Chatham.Dock

Lots has been happening but more in my head than on paper. Two creative roads are crossing: I’m poet-in-residence at Chatham Dockyard from now till National Poetry Day. It’s a really exciting project where I spend a day a week for seven weeks in various sites like the Ropery, a Victorian warship and the No.1 Smithery.  On each day I draft a sonnet about the space and each sonnet will be linked i.e. the last line of one becomes the first line of the next – a corona (yeah, it obviously has to be really difficult to whet my appetite). On the plus side, the form will help give the project momentum. It will become a kind of narrative but each poem will stand alone. It’s very different to the Roving Mic project. Roving Mic’s about narrative and character whereas this will be more of a slice of life looking at the work, the graft that took place at the Dockyard. There’s a stark contrast between being paid to write poetry and being paid to make e.g. rope but at the same time, we both use craft and certainly with sonnet writing you’re working with form. Lots of nice parallels. Really looking forward to it.

Of course, Chatham’s on the London-Canterbury route. I don’t think it’s mentioned in the Canterbury Tales but Rochester certainly is and no-one really knows where Rochester ends and Chatham begins. The BBC set the opening of one of their pieces at Chatham Dockyard and I’m toying with the idea of using the Pentagon as a setting, a very very ugly shopping centre that at least has recognisable shops (unlike the one at The Elephant, my current setting. n.b. the link makes it look almost OK. It’s so not). I’m intrigued by the fact that it’s encircled by Chatham Bus Station, a bus spotter’s dream. I had the misfortune to spend an hour and half there last Thursday and the only thing that kept me sane was the fact that I could call it ‘research’.  Place has become of paramount importance to my work which is healthy because it hasn’t really been much of an issue before. I guess Vicious Circle was very aware of the opening and the closing space, the bar that was both in the real world and the dream world in the hero’s and the heroine’s head. Also, it was completely steeped in film noir where setting is everything. Anyway, what I love, yes love, about the Pentagon is that one side of the bus station looks like night in the middle of the day. Really. It’s one of the grimmest places imaginable but it fires the imagination because you’re sitting on the top deck of a bus with the sun streaming in throught he windows and suddenly you’re enveloped with gloom, the temperature drops and you’ve gone back in time forty years. I can’t imagine the Pentagon has changed much over the years. I need to do some more research. Oh, and the Pentagon is such a great name for a meeting place. It has such resonance on so many levels.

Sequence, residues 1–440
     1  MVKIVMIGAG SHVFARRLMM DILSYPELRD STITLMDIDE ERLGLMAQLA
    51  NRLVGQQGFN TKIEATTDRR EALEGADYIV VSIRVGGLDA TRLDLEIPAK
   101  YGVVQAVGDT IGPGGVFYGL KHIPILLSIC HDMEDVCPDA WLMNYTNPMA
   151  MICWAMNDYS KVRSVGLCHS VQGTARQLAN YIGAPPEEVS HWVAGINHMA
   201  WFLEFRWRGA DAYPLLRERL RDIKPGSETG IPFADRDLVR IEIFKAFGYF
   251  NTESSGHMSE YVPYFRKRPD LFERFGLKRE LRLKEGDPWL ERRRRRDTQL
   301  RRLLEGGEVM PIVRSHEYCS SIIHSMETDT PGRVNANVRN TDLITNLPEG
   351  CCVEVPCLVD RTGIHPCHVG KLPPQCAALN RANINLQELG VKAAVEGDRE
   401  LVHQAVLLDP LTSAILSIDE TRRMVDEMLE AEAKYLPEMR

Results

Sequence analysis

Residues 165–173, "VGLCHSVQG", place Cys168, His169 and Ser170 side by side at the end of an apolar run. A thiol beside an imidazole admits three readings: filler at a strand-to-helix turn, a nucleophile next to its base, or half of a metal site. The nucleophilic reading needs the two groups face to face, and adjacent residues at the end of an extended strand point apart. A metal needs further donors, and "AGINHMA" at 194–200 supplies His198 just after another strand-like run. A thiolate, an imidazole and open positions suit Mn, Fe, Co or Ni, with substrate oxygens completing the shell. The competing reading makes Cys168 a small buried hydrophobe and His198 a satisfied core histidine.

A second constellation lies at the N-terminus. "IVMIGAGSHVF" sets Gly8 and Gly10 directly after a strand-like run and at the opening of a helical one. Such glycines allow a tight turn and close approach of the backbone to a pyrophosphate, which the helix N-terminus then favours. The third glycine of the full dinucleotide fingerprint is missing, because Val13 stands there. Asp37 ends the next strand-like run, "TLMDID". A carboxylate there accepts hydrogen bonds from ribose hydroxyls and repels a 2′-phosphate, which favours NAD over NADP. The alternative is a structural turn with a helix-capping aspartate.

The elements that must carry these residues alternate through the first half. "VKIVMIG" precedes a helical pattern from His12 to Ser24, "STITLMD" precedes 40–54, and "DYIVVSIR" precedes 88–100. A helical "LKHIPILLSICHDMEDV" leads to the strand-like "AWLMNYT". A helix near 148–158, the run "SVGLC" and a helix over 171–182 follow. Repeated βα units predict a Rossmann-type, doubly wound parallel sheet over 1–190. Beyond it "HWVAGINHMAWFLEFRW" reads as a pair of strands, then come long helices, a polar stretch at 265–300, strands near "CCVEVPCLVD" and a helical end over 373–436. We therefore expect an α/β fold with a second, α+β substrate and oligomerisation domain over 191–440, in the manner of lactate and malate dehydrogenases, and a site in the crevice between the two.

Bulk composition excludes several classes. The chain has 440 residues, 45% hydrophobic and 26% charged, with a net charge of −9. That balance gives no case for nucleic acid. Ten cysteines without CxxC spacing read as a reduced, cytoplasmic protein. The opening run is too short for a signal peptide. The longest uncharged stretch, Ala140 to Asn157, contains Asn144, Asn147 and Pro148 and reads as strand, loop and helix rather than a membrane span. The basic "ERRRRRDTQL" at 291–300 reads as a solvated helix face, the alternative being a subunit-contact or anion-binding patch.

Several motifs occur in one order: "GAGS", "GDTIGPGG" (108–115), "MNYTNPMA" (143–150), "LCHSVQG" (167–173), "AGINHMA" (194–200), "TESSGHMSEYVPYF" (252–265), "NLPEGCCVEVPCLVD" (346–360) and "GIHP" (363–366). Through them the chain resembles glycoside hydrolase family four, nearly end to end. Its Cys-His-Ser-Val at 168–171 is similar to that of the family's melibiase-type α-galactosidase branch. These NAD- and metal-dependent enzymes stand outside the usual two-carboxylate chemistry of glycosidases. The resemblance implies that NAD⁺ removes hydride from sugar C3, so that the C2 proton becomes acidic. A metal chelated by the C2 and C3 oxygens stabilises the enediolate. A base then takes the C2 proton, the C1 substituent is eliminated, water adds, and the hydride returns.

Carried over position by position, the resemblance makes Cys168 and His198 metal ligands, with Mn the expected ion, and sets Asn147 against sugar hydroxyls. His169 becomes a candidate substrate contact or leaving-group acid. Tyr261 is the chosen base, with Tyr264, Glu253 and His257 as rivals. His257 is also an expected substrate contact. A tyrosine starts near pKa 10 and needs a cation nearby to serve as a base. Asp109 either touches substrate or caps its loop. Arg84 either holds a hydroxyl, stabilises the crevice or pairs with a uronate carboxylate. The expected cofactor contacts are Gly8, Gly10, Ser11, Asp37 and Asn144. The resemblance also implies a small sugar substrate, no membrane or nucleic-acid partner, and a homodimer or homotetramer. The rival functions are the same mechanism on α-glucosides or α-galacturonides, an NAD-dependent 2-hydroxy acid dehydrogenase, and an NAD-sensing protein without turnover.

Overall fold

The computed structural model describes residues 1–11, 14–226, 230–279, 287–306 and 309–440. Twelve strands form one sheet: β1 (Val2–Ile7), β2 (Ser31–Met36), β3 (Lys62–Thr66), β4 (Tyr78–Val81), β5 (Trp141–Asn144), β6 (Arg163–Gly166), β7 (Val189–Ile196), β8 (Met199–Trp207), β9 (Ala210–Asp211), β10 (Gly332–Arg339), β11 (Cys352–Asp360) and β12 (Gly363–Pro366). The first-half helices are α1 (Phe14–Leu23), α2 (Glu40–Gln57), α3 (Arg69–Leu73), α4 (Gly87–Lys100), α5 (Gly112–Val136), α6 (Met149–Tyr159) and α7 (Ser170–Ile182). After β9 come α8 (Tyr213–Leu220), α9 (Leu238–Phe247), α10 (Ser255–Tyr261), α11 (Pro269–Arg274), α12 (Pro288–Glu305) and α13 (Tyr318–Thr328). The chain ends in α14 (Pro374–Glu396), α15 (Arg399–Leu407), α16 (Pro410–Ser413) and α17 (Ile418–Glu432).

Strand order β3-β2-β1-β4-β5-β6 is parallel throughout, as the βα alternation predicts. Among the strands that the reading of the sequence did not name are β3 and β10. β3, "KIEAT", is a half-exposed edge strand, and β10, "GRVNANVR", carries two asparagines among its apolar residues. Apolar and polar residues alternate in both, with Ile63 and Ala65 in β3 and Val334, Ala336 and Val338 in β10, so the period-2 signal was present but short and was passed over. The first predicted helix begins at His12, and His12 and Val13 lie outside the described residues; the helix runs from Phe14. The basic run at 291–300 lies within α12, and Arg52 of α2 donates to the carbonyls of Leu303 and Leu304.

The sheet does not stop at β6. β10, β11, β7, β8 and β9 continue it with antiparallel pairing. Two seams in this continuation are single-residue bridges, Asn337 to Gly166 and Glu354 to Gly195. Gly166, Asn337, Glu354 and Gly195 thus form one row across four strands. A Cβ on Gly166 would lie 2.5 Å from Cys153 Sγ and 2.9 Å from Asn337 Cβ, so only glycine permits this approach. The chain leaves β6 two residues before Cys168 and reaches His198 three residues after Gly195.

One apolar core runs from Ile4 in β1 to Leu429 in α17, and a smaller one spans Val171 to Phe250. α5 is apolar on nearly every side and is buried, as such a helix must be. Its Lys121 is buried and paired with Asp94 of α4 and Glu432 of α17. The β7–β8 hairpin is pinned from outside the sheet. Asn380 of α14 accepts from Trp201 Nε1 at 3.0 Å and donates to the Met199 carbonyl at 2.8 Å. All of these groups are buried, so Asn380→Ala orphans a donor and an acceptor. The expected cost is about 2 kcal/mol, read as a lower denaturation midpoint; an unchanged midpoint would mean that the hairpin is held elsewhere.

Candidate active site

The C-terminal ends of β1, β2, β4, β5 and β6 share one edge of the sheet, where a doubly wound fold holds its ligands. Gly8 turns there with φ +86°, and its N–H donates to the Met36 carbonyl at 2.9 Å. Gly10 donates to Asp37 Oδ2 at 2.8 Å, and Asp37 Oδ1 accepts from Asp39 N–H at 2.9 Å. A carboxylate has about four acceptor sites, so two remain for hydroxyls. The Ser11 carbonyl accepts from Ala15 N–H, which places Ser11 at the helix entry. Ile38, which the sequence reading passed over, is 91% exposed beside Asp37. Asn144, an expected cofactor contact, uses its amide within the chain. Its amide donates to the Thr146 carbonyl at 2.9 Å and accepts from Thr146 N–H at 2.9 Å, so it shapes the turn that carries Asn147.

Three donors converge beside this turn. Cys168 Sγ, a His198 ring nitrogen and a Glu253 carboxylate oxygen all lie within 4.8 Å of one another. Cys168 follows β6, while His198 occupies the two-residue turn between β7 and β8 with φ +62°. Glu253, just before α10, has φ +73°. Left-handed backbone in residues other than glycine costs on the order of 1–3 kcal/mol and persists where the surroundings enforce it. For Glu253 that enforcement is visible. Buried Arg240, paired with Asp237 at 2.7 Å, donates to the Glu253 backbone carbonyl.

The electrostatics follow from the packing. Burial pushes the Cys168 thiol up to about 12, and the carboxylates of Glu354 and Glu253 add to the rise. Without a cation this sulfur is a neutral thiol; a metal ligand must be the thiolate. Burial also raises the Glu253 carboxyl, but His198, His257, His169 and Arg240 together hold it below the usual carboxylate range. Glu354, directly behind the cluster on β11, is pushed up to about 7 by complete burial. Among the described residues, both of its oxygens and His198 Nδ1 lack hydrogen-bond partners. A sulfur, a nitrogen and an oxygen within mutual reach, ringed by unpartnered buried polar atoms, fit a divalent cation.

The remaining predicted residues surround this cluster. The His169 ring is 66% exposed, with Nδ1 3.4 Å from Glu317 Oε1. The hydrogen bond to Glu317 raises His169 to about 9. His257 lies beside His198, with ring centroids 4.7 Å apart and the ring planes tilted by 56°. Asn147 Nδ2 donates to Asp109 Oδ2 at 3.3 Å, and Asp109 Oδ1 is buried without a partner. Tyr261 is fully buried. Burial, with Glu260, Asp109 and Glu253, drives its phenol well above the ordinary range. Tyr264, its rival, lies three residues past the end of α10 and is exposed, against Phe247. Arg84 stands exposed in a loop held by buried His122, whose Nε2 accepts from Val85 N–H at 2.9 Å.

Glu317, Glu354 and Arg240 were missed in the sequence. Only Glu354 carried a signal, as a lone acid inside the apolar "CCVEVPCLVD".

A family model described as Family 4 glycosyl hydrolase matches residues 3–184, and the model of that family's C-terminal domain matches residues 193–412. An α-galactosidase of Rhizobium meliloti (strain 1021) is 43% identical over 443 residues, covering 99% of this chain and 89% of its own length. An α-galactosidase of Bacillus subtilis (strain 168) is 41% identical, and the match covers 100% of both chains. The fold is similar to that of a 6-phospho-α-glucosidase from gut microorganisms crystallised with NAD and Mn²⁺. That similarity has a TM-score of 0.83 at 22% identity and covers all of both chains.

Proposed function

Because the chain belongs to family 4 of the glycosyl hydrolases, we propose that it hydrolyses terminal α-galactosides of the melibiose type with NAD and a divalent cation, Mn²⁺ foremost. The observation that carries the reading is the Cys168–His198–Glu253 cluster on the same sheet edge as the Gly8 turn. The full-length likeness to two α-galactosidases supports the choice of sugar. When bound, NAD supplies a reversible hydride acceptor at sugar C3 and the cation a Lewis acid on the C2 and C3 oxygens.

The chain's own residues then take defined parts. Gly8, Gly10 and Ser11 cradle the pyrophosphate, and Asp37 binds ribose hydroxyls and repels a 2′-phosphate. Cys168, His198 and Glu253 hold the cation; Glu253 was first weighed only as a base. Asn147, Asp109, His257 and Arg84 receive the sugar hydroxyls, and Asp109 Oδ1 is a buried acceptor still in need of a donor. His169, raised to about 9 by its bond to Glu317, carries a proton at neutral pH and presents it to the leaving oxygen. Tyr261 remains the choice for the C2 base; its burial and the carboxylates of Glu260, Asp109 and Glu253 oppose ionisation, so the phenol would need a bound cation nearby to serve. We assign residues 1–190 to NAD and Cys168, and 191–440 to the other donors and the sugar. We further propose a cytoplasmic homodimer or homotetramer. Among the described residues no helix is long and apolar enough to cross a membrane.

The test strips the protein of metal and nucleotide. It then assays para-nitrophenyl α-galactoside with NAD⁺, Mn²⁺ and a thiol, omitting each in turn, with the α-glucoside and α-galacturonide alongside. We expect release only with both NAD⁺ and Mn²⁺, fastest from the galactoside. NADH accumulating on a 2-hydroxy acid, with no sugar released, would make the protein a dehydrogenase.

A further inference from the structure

Lots has been happening in my personal life and after a difficult, static month, things are moving. Which means at long last I’m back on track again with the writing. Had a great day Monday with the Knight’s Tale. It was slow but satisfying. I was inserting and enriching rather than writing lots of completely new material. I hope I’ve given it depth and texture and made the setting more three-dimensional. Now I have to work really really hard on the characters so they’re not just pawns in the tragedy. I’m exhausted but exhilirated at the same time. I’m going to spend the rest of the week on adrenaline…